A Challenger 2 Main Battle Tank crew from the Royal Wessex Yeomanry have made regimental history whilst serving in Estonia as part of NATO’s Enhanced Forward Presence (eFP).
The four soldiers – normally based in the South West of England – are believed to be the first fully formed crew from the British Army’s Armoured Reserve Regiment to serve on Operations since the Second World War.
The last time a reservist tank crew from the regiment’s antecedent units deployed was almost 80 years ago in 1944, when the Royal Wiltshire Yeomanry were deployed to Italy and took part in the advance on Rome.
It’s been a privilege to be deployed out here in Estonia on our regiment’s anniversary year, but also for The Yeomanry 150, and Her Majesty’s Platinum Jubilee year as well.” Lance Corporal Wirgman, Royal Wessex Yeomanry
The historic milestone was achieved by four Junior Non-Commissioned Officers who deployed with the Royal Tank Regiment Battlegroup on Operation Cabrit.
Operation Cabrit is the British Army’s contribution to the NATO Enhanced Forward Presence (eFP). The eFP is built upon four multinational battlegroups stationed in Latvia, Lithuania, Poland and Estonia, with British contributions in Estonia and Poland. The presence of Allied forces assures allies of NATO's ability and determination to provide collective defence and a united approach to countering aggression.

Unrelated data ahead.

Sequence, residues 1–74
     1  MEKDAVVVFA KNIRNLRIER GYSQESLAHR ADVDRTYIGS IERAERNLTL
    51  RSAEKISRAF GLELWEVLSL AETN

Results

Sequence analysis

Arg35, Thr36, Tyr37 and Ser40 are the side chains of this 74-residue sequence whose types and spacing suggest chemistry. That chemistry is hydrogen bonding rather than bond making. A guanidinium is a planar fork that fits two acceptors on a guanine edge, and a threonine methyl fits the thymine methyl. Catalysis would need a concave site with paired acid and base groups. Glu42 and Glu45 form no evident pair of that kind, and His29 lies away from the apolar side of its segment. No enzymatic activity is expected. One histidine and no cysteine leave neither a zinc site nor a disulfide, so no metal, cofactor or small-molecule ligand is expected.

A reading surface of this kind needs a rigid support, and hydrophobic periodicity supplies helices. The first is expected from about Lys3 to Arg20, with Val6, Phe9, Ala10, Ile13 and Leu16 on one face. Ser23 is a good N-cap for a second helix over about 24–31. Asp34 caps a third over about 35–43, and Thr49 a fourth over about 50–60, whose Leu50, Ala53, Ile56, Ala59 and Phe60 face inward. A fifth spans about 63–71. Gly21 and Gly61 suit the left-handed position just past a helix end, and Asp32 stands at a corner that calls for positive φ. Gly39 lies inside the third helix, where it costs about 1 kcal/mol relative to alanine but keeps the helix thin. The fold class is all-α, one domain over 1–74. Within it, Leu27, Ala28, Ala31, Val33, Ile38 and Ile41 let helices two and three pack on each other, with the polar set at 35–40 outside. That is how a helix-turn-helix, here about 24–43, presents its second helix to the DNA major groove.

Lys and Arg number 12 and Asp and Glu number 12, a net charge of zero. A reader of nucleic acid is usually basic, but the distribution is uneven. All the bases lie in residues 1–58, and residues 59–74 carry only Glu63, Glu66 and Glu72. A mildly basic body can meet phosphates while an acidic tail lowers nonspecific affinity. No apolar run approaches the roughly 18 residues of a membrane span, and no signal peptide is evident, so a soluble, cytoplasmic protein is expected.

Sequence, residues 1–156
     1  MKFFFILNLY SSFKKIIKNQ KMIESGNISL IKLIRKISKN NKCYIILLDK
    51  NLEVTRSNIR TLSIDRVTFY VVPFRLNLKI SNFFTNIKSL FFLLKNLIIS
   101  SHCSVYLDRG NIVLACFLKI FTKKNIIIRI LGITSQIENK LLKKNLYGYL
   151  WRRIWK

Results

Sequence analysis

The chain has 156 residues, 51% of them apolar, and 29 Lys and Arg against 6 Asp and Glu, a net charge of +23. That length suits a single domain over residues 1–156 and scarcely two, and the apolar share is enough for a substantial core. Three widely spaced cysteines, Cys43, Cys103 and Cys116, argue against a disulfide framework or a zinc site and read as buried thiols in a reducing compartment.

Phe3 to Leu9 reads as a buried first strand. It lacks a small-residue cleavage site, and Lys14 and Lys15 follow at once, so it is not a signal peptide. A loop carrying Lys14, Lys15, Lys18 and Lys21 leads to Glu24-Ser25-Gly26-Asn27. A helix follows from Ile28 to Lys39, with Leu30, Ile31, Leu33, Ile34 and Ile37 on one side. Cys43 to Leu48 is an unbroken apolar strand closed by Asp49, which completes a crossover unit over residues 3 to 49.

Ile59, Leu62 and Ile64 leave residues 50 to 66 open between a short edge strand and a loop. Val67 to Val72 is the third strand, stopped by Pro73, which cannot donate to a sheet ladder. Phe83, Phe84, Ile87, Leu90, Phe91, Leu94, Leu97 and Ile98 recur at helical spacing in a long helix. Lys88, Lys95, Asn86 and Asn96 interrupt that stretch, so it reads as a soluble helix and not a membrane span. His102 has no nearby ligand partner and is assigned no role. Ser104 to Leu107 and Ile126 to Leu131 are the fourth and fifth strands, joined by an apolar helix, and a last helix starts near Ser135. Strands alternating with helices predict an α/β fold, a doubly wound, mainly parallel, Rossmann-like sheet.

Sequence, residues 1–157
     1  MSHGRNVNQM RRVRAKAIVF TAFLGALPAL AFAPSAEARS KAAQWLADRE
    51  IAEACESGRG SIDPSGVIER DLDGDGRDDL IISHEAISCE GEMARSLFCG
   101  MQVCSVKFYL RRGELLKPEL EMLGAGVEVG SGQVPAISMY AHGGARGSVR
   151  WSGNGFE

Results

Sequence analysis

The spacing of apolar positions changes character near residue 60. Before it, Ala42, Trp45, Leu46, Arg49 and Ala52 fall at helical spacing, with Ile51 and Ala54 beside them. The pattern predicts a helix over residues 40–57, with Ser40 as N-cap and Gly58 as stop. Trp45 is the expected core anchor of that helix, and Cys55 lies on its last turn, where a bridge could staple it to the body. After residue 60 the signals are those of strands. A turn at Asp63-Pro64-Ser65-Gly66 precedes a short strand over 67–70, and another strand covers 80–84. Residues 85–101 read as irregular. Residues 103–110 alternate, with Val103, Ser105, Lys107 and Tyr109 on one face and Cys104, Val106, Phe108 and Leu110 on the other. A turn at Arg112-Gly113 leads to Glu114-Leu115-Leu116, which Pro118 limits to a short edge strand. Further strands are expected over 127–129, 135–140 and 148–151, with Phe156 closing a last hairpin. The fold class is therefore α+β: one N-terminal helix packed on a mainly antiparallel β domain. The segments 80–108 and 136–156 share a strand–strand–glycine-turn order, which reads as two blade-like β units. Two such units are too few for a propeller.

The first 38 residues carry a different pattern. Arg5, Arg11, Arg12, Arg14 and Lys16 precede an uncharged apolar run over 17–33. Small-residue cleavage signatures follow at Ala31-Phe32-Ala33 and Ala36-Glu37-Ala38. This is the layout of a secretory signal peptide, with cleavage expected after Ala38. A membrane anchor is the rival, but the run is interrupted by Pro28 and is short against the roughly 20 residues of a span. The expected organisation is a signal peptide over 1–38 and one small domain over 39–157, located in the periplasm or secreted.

The tank crewmen, made up of commander, loader, gunner and driver, have been working alongside the Danish, French, and host nation Estonian forces.
Lance Corporal Dwight, who drives the 62-tonne tracked vehicle, has another skill which has been a great asset in the Baltic:
“I’m also a French linguist, which means I’ve been able to work with our French counterparts and help out on the different French battlegroups that we’ve been working with.”
The UK’s only part-time tank soldiers have been providing reinforcements for regular army regiments who field the Challenger 2 Main Battle Tank. Tank Commander Corporal Farley, who deployed for 6-months, has been on multiple exercises all over the world. He said:
“It feels good to be given the opportunity to come and do this, I’ve enjoyed the challenge. It’s not something the Armoured Reserves have had a chance to do for a long time, so it’s good to be out here training.”
The Royal Wessex Yeomanry formed in 1971 through the amalgamation of the Royal Wiltshire Yeomanry, the Royal Gloucestershire Hussars, and the Royal Devon Yeomanry. They were joined in 1999 by the Dorset Yeomanry and in 2014 by A Squadron of the Royal Yeomanry.
In the regiment’s 50th Anniversary year, Lance Corporal Livingstone – whose day job working in the theatre is as far removed from that of a loader – said:
“To serve on operations is something I’ve always wanted to do. To serve on operations as part of the first Reservist tank crew to be on operations since the Second World War – that’s something special. To do it as part of our regiment’s anniversary just adds to the significance of what we are doing out here.”